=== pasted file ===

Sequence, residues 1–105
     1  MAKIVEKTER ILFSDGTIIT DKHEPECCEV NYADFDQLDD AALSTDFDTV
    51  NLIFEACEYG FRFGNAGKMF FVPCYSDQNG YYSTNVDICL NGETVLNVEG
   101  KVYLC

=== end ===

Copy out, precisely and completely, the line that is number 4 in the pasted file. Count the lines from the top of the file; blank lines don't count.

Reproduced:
   101  KVYLC